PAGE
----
So. Africa: NGOs still to receive a decision on whether banks which collaborated with apartheid govt. will be investigated one year after submitting evidence

Author: Lee-Anne Bruce, Centre for Applied Legal Studies (South Africa), Published on: 1 July 2019

‘Apartheid's banks no closer to facing justice’ 23 June 2019

One year after CALS and Open Secrets brought to light evidence that European banks profited from apartheid, no decision has been made on whether to investigate. It has been one year since CALS and Open Secrets brought to light evidence that European banks collaborated with the apartheid government and profited from one of the worst crimes against humanity in world history. We have yet to receive a decision on whether these banks will face investigation.

For nearly two decades, evidence suggests, Belgium’s Kredietbank (now known as KBC Group) and its sister bank in Luxembourg played a vital role in supporting and strengthening the system of apartheid in South Africa. Together, they were responsible for facilitating illegal transactions that allowed the apartheid regime to secretly buy weapons and continue its rule through violence – despite mandatory arms sanctions introduced by the United Nations in the 1970s. These banks have never been held accountable for their involvement in a global money-laundering scheme that effectively sustained apartheid and turned a profit from gross human rights violations.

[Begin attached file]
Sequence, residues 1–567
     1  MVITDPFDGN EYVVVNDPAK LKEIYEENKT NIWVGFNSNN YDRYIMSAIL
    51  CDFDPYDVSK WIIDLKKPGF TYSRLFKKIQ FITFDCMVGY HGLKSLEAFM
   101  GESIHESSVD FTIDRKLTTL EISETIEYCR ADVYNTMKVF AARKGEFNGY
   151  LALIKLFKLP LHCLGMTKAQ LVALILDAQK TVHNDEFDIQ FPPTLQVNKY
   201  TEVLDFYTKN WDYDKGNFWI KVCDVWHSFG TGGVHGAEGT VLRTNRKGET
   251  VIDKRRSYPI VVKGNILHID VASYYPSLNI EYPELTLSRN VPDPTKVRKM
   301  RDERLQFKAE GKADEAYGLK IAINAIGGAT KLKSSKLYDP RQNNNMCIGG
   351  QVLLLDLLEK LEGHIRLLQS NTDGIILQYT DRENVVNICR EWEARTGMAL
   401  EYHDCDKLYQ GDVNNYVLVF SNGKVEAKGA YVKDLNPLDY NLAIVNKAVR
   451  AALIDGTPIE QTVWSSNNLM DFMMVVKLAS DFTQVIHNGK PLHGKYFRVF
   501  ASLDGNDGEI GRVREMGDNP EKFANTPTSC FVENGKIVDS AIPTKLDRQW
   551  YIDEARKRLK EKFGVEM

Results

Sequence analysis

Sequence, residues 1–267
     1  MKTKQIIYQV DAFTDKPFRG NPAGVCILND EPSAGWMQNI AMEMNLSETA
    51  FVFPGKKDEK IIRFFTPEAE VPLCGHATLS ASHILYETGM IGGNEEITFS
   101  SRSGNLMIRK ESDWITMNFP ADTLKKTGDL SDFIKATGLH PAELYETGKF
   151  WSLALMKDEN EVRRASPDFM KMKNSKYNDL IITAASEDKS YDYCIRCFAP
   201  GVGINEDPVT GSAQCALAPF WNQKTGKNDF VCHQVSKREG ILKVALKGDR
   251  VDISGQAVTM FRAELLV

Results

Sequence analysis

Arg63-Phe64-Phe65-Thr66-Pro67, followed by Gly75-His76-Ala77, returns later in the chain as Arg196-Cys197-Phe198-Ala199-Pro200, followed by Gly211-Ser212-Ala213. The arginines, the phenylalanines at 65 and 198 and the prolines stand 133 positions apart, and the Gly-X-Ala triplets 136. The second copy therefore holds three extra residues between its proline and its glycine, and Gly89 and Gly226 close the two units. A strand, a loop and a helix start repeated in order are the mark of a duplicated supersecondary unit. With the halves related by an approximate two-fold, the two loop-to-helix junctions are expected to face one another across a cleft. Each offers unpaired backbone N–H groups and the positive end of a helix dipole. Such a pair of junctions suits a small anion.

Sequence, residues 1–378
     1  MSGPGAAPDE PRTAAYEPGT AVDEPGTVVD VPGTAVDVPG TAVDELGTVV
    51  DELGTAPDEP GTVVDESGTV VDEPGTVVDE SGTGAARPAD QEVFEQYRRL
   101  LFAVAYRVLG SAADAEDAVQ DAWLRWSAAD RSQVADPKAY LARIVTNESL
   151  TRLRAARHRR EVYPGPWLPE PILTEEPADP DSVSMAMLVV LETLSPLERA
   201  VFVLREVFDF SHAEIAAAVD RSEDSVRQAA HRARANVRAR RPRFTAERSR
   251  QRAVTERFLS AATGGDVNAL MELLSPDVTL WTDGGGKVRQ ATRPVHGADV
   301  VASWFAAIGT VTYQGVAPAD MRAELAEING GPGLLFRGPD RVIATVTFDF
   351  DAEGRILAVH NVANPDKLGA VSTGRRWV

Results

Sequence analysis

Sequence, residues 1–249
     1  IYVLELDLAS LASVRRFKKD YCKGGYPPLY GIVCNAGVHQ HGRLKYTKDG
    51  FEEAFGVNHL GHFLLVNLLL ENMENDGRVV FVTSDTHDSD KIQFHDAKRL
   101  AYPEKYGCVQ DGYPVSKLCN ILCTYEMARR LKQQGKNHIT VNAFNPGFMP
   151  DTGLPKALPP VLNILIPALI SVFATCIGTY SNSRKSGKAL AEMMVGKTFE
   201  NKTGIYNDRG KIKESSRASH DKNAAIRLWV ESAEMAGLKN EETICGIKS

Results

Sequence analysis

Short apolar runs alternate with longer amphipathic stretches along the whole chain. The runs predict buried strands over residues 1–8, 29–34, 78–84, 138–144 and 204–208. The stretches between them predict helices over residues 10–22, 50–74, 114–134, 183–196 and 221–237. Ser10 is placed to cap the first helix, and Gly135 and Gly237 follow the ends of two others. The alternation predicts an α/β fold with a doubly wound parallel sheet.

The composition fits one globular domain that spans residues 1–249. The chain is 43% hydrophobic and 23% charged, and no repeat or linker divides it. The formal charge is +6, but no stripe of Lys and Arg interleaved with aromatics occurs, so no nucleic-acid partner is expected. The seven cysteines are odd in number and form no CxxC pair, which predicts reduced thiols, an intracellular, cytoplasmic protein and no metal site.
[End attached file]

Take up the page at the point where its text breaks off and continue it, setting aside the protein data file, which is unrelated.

…CALS and Open Secrets have given the contact points until 26 April 2019, the anniversary of the complaint’s submission, to come to a decision about the investigation and to address our concerns about the conflict of interest within the Belgian contact point. “The bar here is very low,” says Tumelo Matlwa, attorney at CALS. “All the contact points are being asked to do is decide whether to investigate further based on the main facts of the case. What could have reasonably stalled such a decision if not a conflict of interest? A year-long process is excessive and creates the unavoidable impression that our complaint is not being taken seriously.” “The message is clear,” says Hennie van Vuuren, Director at Open Secrets. “Corporations have nothing to fear. We cannot allow this to continue. We cannot allow corruption and delay tactics to prevent corporations from being held to account for their actions, for contributing to the suffering of millions living under apartheid and continuing to deal with its legacy of poverty and inequality to this day.”

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Related companies: KBC